WASHINGTON: President Donald Trump’s administration announced Tuesday that 25 percent tariffs would be in place on $50 billion in Chinese goods starting August 23.
Washington had already imposed tariffs on $34 billion on July 6 but held off on a final $16 billion in goods as a result of concerns from US companies.
The office of US Trade Representative Robert Lighthizer said Tuesday there were 279 new goods to be targeted in the dispute over China’s policies, which American officials say promote the theft of American technology.
China’s property market stabilizing on tough curbs
BEIJING: China’s property market remains generally stable as the government continues stepping-up property curbs.
New home prices in four first-tier cities – Beijing, Shanghai, Shenzhen, and Guangzhou – rose 0.2 percent in July from a month ago, 0.4 percentage points lower than that in June, data from the National Bureau of Statistics (NBS) showed today.
New home prices in Shanghai fell while prices in Beijing, Guangzhou, and Shenzhen rose 0.2 percent, 0.6 percent, and 0.5 percent, respectively.
New home prices in 31 second-tier cities rose 1.1 percent in July, 0.1 percentage points lower than June.
On a yearly basis, first-tier cities reported a 0.2-percent increase in new home prices. Existing prices rose 0.5 percent, 0.4 percentage points higher than a year earlier.
NBS senior statistician Liu Jianwei said local governments continued to step up property regulation in July and strike a balance between demand and supply to promote the healthy development of the sector.
New home prices declined year-on-year in two of the 15 “hotspot” cities where speculative home purchases are monitored, with the most significant price drop of 0.1 percent last month, with 11 cities posting growth and two staying flat.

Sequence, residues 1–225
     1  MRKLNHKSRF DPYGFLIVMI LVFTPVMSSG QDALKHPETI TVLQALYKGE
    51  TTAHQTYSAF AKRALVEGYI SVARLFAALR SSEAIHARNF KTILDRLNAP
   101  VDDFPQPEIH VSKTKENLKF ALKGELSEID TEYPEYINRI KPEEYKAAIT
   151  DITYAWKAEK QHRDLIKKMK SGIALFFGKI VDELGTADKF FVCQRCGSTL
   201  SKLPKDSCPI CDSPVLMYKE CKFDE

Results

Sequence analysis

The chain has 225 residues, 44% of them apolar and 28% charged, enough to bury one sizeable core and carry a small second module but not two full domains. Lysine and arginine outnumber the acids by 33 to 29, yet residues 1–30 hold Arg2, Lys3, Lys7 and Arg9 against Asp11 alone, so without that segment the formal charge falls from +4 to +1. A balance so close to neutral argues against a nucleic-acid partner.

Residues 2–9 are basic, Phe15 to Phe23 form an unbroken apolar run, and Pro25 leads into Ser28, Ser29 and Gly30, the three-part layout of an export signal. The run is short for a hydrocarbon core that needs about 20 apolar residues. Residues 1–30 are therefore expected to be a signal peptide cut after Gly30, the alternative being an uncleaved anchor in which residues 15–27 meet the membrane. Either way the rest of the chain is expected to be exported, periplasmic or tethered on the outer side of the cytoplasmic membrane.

During previous years, rocketing housing prices, especially in major cities, fueled concerns about asset bubbles. To curb speculation, the government rolled out various control measures, including restrictions on purchases and increasing minimum down payments for mortgages.
Major cities announced 260 control measures during the first seven months this year, 80 percent more than the same period last year, according to the research center of the Centaline Group.
Analysts expect more control measures to be announced as the central authority vowed to regulate the property market order and “firmly curb the rise in home prices” at a meeting of the Political Bureau of the Communist Party of China Central Committee last month.
The government will accelerate the establishment of a long-term mechanism to promote the stable and healthy development of the market, Cong Liang, spokesperson of the National Development and Reform Commission told a press conference on Wednesday.
The property market will continue adjusting amid the increasingly tightened regulation, said Liu Weimin, a researcher with the Development Research Center of the State Council.
Book of Xi’s discourses on poverty alleviation published
BEIJING: A book of extracts from the discourses on poverty alleviation by Xi Jinping, general secretary of the Communist Party of China (CPC) Central Committee, has been published by the Central Party Literature Press.
The book, which was compiled by the Party history and literature research institution of the CPC Central Committee and the State Council Leading Group Office of Poverty Alleviation and Development, will be distributed across the country.
Tokyo’s Nikkei index jumps more than 2.2%
TOKYO: Tokyo’s benchmark Nikkei index surged more than 2.2 percent Tuesday, swiftly recovering from the previous day’s losses, with investors encouraged by an apparent hiatus in the Turkey lira crisis.
The benchmark Nikkei 225 index, which lost more than two percent on Monday, rose 2.28 percent or 498.65 points to close at 22,356.08, snapping a four-day losing streak. The broader Topix index was up 1.63 percent or 27.45 points at 1,710.95.